Being Presbyterian and Reformed

Being Presbyterian and Reformed

Churches have all kinds of labels on the door. Some are traditional ones, like Baptist, Anglican or Presbyterian. Many now are simply called ‘community church’ or something like that, which says nothing about what kind of church it is. The church that I serve is called All Nations Presbyterian Church. Some have suggested that we remove the word ‘Presbyterian’, especially as many who come to us have English as a second language. I believe there is value in keeping the word, for it means something. It describes the kind of church we are and what is important to us. We are a Presbyterian church, part of the Reformed stream of Christianity.

In a series of blog posts, I am going to explore what that word means in practice. Why does it matter that our church is Presbyterian? What does it mean to be Reformed?

Let’s start with being Reformed. I grew up in a denomination with the word ‘Reformed’ in the title, and when I said what I church I attended I was often asked ‘reformed from what?’ The assumption was that we used to have a drinking problem or something, but now we were reformed from this! No, to be Reformed means that we stand with the principles of the Protestant Reformation. In essence, this means that we see the Bible as the ultimate authority, as being the very word of God. Everything we do needs to be based on the Bible. All traditions and practices are compared to what the Bible says, and our ministry is centred on the teaching of the Bible. All who come to our church are encouraged to read the Bible for themselves and not simply to reply on an expert or priest to explain it to them.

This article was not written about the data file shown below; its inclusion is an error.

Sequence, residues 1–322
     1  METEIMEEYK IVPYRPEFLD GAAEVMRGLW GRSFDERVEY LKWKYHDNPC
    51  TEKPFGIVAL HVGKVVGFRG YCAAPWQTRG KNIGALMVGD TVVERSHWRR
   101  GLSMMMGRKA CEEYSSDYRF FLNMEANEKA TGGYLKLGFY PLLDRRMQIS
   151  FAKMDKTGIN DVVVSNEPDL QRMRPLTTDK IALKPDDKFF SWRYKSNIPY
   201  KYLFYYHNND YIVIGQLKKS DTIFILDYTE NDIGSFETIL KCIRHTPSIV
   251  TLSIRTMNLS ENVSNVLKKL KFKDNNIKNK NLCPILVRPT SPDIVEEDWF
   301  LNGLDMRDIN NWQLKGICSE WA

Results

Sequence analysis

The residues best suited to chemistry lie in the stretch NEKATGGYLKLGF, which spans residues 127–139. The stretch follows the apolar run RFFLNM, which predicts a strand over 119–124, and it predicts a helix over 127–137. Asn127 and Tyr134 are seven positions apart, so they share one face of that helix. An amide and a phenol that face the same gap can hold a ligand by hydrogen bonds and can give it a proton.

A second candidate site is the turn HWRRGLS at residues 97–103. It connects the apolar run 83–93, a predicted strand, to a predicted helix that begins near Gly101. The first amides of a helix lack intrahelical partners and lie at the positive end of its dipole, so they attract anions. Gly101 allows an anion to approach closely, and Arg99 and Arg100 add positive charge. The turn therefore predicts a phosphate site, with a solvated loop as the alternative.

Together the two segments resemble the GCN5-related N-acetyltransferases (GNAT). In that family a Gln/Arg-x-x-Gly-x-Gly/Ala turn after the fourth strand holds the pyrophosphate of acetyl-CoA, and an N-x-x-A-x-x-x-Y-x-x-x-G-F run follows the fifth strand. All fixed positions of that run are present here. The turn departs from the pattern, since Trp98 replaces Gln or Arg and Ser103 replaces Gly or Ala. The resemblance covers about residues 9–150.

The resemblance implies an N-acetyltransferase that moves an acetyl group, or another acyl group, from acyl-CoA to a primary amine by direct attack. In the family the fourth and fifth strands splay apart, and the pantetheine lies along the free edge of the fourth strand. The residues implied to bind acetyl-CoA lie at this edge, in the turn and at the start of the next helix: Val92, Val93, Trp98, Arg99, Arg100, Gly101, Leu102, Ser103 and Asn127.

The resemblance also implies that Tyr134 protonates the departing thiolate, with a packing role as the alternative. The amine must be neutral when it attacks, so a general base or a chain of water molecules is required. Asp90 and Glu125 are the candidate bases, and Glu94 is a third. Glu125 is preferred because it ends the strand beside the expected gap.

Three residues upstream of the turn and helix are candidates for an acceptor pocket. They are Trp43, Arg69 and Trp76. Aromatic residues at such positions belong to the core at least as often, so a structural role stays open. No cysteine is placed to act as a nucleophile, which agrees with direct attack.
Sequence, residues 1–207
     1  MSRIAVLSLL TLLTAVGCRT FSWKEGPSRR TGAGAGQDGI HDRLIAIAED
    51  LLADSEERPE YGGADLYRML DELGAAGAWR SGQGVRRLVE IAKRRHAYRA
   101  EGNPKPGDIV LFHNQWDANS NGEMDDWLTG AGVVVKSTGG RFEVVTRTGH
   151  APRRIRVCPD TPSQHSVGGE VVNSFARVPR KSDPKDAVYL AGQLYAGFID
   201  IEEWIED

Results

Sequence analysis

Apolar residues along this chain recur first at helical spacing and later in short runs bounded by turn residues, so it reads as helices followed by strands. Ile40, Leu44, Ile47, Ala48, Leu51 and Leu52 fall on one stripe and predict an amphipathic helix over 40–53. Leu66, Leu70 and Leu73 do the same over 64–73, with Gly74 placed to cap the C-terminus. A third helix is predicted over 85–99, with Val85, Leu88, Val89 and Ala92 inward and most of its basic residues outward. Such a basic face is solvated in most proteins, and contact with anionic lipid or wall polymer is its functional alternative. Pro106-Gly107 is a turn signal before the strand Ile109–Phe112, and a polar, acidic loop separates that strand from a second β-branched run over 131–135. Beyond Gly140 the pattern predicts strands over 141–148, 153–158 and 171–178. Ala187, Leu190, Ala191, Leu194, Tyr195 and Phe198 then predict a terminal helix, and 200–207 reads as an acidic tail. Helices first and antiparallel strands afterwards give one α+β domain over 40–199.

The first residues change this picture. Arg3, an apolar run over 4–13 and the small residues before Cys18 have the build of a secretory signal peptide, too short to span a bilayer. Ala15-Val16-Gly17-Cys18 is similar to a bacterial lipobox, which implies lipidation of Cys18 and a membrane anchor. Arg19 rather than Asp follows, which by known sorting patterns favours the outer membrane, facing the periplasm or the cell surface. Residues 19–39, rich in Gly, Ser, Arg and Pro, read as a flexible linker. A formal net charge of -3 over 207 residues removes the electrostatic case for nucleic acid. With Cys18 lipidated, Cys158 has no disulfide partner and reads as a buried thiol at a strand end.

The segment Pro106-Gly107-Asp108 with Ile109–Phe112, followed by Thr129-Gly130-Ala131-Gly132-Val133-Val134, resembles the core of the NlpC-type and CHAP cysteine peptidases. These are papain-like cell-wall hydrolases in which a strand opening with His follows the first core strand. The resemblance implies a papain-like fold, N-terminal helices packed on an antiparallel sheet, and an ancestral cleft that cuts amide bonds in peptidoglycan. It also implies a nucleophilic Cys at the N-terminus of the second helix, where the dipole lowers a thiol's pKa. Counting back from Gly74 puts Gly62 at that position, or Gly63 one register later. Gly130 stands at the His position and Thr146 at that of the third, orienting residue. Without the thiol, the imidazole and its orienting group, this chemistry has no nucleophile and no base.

There are different streams within the Reformed tradition; one of them is Presbyterianism. The word is based on the Greek word for elder, so we are a church governed by elders. We’ll explore what that looks like in some detail in coming blog posts, but for now let’s cover some key principles. Presbyterian churches have elders, elected from the congregation, who are trained and examined and entrusted with leading God’s church. They care for the people God has given them. Each local church doesn’t see itself as independent but it connected to other like-minded churches in a region and a country. Leadership is something emphasized in Presbyterian churches, a leadership that doesn’t rest in the hands of one person but is shared by godly, mature men in each congregation.

Historically, Presbyterianism arose mainly from the English and Scottish Reformations. Our spiritual fathers were the Puritans. Although being called a Puritan can be a term of abuse, these were godly people who tried to have a simple, Biblical expression of their faith. In the same tradition of the Puritans, our worship services are simple and to the point. Presbyterian services contain singing, prayers, Bible readings and a sermon, with the aim of allowing the Bible to speak for itself. All is simple and order is highly valued.

A Presbyterian church, if true to the name, should have its agenda driven by the Bible. It might not be the funkiest of churches. It might not be flowery and cutting edge in what it does. What it should be is a place where the gospel is preached well and the congregation is well looked after and encouraged in their service of Jesus. A congregation where authority doesn’t rest in people but in the Word of God, where the group of elders aim to govern God’s people well.

Churches in the Presbyterian tradition do function a little differently to other churches both on the local and wider levels, and we’ll get to that in the next blog posts.